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Quaternary history of the European roe deer Capreolus capreolus

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• The European roe deer Capreolus capreolus is a typical faunal element of the Holocene. It was already present in Europe at least 600 000 years ago and it has been known from both glacial and interglacial phases since then. With nearly 3000 fossil and subfossil records, it is one of the most frequent mammals in the Late Quaternary.

• During the Middle and Late Weichselian Pleniglacial, the distribution of the roe deer was not restricted to the Mediterranean peninsulas but repeatedly reached regions of central Europe. In contrast to that, roe deer records from the Last Glacial Maximum (LGM, 21.0–14.5 ka 14C BP) are largely confined to the Mediterranean peninsulas – with the exception of south-western France and the surroundings of the Carpathians where several records attest to its occurrence during the LGM.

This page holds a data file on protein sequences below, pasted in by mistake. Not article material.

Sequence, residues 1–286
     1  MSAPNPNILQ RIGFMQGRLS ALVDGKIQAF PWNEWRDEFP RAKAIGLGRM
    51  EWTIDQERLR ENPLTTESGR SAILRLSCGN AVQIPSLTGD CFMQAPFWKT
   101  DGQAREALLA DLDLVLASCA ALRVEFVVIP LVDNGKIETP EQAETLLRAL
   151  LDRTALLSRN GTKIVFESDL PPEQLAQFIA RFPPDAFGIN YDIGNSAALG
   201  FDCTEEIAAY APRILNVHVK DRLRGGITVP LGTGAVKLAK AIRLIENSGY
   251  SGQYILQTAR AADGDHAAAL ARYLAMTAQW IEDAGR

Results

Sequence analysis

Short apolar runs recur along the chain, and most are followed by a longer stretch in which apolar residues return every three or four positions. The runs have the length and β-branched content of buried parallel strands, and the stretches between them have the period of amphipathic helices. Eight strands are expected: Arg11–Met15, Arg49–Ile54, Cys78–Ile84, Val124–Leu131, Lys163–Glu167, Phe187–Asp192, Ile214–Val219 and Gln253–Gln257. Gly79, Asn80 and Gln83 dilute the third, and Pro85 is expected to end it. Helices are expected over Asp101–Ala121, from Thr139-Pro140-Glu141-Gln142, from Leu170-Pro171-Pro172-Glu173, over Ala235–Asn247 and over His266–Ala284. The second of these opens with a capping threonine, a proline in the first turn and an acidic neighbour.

• During the Greenland Interstadial 1 (12.5–10.8 ka 14C BP), the species' distribution extended further north and the roe deer appeared north of the Alps and reached regions of central Germany. This seems to be correlated with the abrupt change to more favourable environmental conditions during this period. It is very likely that the roe deer disappeared north of the Alps during the Younger Dryas cooling (10.8–10.0 ka14C BP). The northern regions of the central European lowlands were recolonized by roe deer during the late Preboreal 9.7–9.5 ka 14C BP for the first time since the Weichselian Glacial.

• The combined pattern of genetic data and fossil records of European roe deer suggests several regions in the Iberian peninsula, southern France, Italy and the Balkans as well as in the Carpathians and/or eastern Europe as glacial refugia. It further suggests that C. capreolus might have recolonized most parts of central-northern Europe out of one or more eastern European (not Balkan) and/or Carpathian refugia. This recolonization wave might have blocked immigration from the traditional Mediterranean areas.
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Keywords: Capreolus capreolus; glacial refuge; ice age; phylogeography; recolonization

Document Type: Research Article

Publication date: January 1, 2009

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